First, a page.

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Gestational diabetes mellitus and polycystic ovarian syndrome

Gestational diabetes mellitus and polycystic ovarian syndrome

Gestational diabetes mellitus and polycystic ovary syndrome individually cause significant morbidity. The two conditions are interlinked and together increase the incidence of preeclampsia, pregnancy-induced hypertension and neonatal hypoglycaemia. The therapeutic merits of metformin are under review


Gestational diabetes mellitus (GDM) is defined as any degree of glucose intolerance which starts during pregnancy. It is associated with increased foetal and maternal morbidity as well as long-term complications in both mothers and offspring. The prevalence ranges from 2 to 20% of all pregnancies, depending on the population studied and the diagnostic tests employed. Common risk factors of GDM include nonwhite race/ethnicity, older age, obesity and prior history of abnormal obstetric experience.  

Polycystic ovarian syndrome (PCOS) is characterized by chronic anovulation, insulin resistance and androgen excess. Affected women have an increased risk of glucose intolerance, leading to type 2 diabetes mellitus (T2DM). The risk of GDM is higher in women with PCOS than in women without PCOS1 and several studies have observed an increased prevalence of the signs and symptoms of PCOS in women with prior GDM. PCOS is associated with adverse pregnancy outcomes, such as preeclampsia and macrosomia.2 Lean women with PCOS have a higher incidence of GDM and pregnancy-induced hypertension than lean controls.3 In this study, women with PCOS and GDM had more than twofold increased odds of preeclampsia and pregnancy-induced hypertension than women without these conditions. Maternal PCOS and GDM were also associated with threefold increased odds of neonatal hypoglycemia.

There are some metabolic similarities between women with PCOS and women with GDM. It is still uncertain, however, to what extent coexisting GDM and PCOS affects pregnancy outcome. In a case-control study conducted with 261 women with GDM, the findings emphasized that pregnant patients with GDM and PCOS should be monitored carefully for various pregnancy and neonatal complications, including hypertension and hypoglycemia.4

Metformin is an effective insulin sensitizer for treating T2DM and for preventing T2DM in high risk populations. In GDM, use of metformin is associated with a lower risk of hypoglycemia and potentially a lower weight gain. It may be preferable to insulin for maternal health if it controls hyperglycemia sufficiently; however, metformin may slightly increase the risk of premature birth.5 To date, long-term outcome in offspring has not been evaluated. Thus, patients treated with metformin should be informed that the drug does cross the placenta and, while no adverse effects on the foetus have been demonstrated, long-term studies are lacking.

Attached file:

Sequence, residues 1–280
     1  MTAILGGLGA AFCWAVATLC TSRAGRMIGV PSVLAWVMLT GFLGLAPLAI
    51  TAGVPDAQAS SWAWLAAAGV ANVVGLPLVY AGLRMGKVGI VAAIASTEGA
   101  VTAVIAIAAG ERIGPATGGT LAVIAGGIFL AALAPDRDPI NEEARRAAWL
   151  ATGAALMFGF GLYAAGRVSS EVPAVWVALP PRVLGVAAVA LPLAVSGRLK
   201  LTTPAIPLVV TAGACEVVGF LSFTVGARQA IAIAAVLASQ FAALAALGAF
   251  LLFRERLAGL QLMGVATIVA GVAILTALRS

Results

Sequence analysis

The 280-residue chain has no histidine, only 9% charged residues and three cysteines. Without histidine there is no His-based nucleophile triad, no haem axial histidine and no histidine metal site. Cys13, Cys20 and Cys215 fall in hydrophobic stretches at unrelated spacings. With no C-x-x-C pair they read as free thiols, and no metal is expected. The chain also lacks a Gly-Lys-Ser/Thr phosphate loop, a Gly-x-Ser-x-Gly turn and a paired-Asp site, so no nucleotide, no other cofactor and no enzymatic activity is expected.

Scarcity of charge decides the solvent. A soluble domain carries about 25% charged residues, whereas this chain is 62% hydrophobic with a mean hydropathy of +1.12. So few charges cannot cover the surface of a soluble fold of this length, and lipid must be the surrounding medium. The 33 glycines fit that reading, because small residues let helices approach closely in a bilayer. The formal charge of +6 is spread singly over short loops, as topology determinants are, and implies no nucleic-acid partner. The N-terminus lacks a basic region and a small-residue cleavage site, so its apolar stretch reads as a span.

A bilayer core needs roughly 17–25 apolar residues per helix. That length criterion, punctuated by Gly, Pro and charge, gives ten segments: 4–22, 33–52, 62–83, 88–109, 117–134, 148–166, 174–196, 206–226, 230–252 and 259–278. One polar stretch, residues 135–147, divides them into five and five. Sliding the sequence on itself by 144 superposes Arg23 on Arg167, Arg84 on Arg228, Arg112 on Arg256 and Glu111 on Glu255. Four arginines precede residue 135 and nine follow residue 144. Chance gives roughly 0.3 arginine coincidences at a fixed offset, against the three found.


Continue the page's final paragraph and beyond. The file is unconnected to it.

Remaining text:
Metformin may improve ovulatory function in patients with PCOS. Meta-analyses of randomized, placebo-controlled trials involving women with PCOS have shown increased pregnancy rates but not increased live birth rates among women who received metformin.6 However, metformin is not recommended as a first-line treatment for anovulatory infertility, although there is a study which found that infertile patients with PCOS taking metformin were more likely to conceive with or without other ovulation-inducing agents, compared with patients who did not take metformin. These results showed that continuous metformin therapy throughout pregnancy in women with PCOS can improve pregnancy outcomes by decreasing spontaneous miscarriage rates and preventing GDM with its inherent comorbidity and mortality rate.7 Whether metformin could reduce the occurrence of GDM in women with PCOS is still controversial, with a recent meta-analysis, using a fixed model, showing that metformin had no significant effect on GDM in women with PCOS.8


References

  1. Lo JC, et al. Increased prevalence of gestational diabetes mellitus among women with diagnosed polycystic ovary syndrome:  A population-based study.  Diabetes Care 2006;29:1915–7.
  2. Qin JZ, et al. Obstetric complications in women with polycystic ovary syndrome: a systematic review and meta-analysis. Reprod Biol Endocrinol 2013;11:56–62.
  3. Wang Y, et al. Risks for gestational diabetes mellitus and pregnancy-induced hypertension are increased in polycystic ovary syndrome. Biomed Res Int. 2013;2013:182582.doi:10.1155/2013/182582. Epub 2013 Nov 25.
  4. Foroozanfard F, et al.  Obstetric and neonatal outcome in PCOS with gestational diabetes mellitus. J Family Reprod Health 2014;8:7–12.
  5. American Diabetes Association. Standards of medical care of diabetes 2016: Management of diabetes in pregnancy. Diabetes Care 2016;39(Suppl. 1):S94–S98.
  6. Tang T, et al. Insulin-sensitising drugs (metformin, rosiglitazone, pioglitazone, D-chiro-inositol) for women with polycystic ovary syndrome, oligo amenorrhoea and subfertility. Cochrane Database Syst Rev 2012;5:CD003053.
  7. Hameed AAE, et al. The role of continuing metformin therapy during pregnancy in the reduction of gestational diabetes and improving pregnancy outcomes in women with polycystic ovary syndrome.  Middle East Fert Soc J 2011;16:204–8.
  8. Zhuo Z, et al. Effect of metformin intervention during pregnancy on the gestational diabetes mellitus in women with polycystic ovary syndrome: A systematic review and meta-analysis. J Diabetes Res 2014;2014:381231. doi: 10.1155/2014/381231. Epub 2014 May 21. 

Chaicharn Deerochanawong

Professor of Medicine
Dept. of Medicine
Diabetes and Endocrinology Unit
Rajavithi Hospital
Bangkok, Thailand